Prof. Rodger Tomlinson1, Ms Ana Paula Silva1
1Griffith University, Southport, Australia
Tidal entrances play a vital role in the exchange of water between coastal lakes, lagoons and rivers and the ocean. They also play a major role in the movement of sediment along our coastline, particularly when artificially managed by the construction of training walls. There are 13 tidal inlets between the Tweed River entrance and Noosa ranging from the broad open expanse of North Passage in Moreton Bay; the trained and artificially bypassed entrances at the Tweed and the Gold Coast Seaway to intermittently open and closed entrance such as Currimundi Lake. Although all within a similar region in terms of wave climate and sediment characteristics, each inlet exhibits somewhat different morphological characteristics due to local topological features, tidal prism, freshwater discharge and artificial manipulation.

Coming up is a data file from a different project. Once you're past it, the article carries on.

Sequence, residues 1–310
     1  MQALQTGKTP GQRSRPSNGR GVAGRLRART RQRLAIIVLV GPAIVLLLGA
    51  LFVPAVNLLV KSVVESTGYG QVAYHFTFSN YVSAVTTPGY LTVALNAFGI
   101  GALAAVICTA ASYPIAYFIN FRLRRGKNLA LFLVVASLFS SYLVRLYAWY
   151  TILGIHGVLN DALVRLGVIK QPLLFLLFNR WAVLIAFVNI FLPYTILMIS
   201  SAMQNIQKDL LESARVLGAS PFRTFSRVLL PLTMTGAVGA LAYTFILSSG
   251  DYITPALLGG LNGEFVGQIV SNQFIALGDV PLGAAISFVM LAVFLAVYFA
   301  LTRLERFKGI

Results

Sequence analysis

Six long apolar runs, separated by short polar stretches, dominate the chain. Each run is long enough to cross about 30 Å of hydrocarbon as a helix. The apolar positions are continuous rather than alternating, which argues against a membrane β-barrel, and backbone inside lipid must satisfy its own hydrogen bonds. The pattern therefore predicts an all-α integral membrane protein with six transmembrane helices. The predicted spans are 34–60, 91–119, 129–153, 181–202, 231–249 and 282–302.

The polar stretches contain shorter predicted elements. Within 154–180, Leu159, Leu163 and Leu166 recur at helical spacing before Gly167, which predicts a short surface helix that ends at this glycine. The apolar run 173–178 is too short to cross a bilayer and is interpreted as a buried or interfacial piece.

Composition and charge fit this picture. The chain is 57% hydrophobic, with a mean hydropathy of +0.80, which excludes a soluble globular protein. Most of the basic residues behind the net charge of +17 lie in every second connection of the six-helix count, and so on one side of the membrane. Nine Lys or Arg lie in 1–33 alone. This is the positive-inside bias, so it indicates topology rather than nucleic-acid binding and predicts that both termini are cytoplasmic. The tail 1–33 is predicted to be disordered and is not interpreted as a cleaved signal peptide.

In this paper we will provide an overview of the various characteristics of each inlet and identify significant features that impact on the management of both the tidal waterways connected to the inlet and the adjacent beaches. The impact of climate variability and extremes events will be discussed.
Professor Tomlinson is the City of Gold Coast Professor of Coastal Management and Foundation Director of the Griffith Centre for Coastal Management at the Gold Coast Campus of Griffith University. He has over 35 of experience in applied research and specialist consultancy in the fields of coastal and water engineering.